All my cravings remembered

Updated 2/07/2013

Adventures in Nutritional TherapySince junior high at the latest I have had constant cravings for chocolate. I have tried a million things to make it stop, with little success until recently. Strangely enough, it wasn’t until my 30s that I started having the kind of carb cravings normal people have — potato chips, pizza, etc. I still do not experience those anywhere near as often. I’m now inclined to believe that the cravings are a spectrum, and that the Lays and Fritos urges are at the really bad end, when whatever causes the cravings gets a lot worse.

In the name of science, I performed a self-experiment, repeated twice, wherein I kept eating chocolate until I didn’t want anymore for the rest of the day. That’s how I discovered that my chocolate thing has a 700-calorie-a day limit. I never got around to measuring how many calories I ingest of carbs before the craving disappears.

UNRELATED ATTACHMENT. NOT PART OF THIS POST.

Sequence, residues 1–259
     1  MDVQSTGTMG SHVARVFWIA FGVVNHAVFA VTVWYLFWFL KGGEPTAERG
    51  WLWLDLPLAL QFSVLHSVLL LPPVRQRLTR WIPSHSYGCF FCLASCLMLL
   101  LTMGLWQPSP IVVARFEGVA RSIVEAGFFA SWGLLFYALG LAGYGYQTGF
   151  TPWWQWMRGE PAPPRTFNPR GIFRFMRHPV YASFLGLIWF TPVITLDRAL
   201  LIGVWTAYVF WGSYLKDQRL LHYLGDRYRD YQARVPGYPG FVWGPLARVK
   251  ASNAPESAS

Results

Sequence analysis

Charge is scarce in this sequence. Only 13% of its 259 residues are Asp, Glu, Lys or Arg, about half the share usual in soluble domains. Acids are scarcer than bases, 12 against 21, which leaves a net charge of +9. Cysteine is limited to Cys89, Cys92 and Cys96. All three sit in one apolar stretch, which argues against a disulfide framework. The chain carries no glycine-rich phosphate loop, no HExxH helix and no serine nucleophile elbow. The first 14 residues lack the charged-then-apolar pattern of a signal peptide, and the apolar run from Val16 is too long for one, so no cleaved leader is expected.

The following is a list of what helped to alleviate these various urges. If I tried to write down everything that didn’t work, it would take forever, so I’ve just noted the more common suggestions that you’ll find for this problem and which did not work for me.

But first, a very rude warning to anyone out there considering suggesting that I just “eat a nice fresh apple” whenever the need for chocolate hits me: Go #$@! yourself. You have no idea what you’re talking about.

Ditto for anyone who dares to talk to me about willpower.

Where was I…

What has worked for chocolate cravings

1. Tryptophan.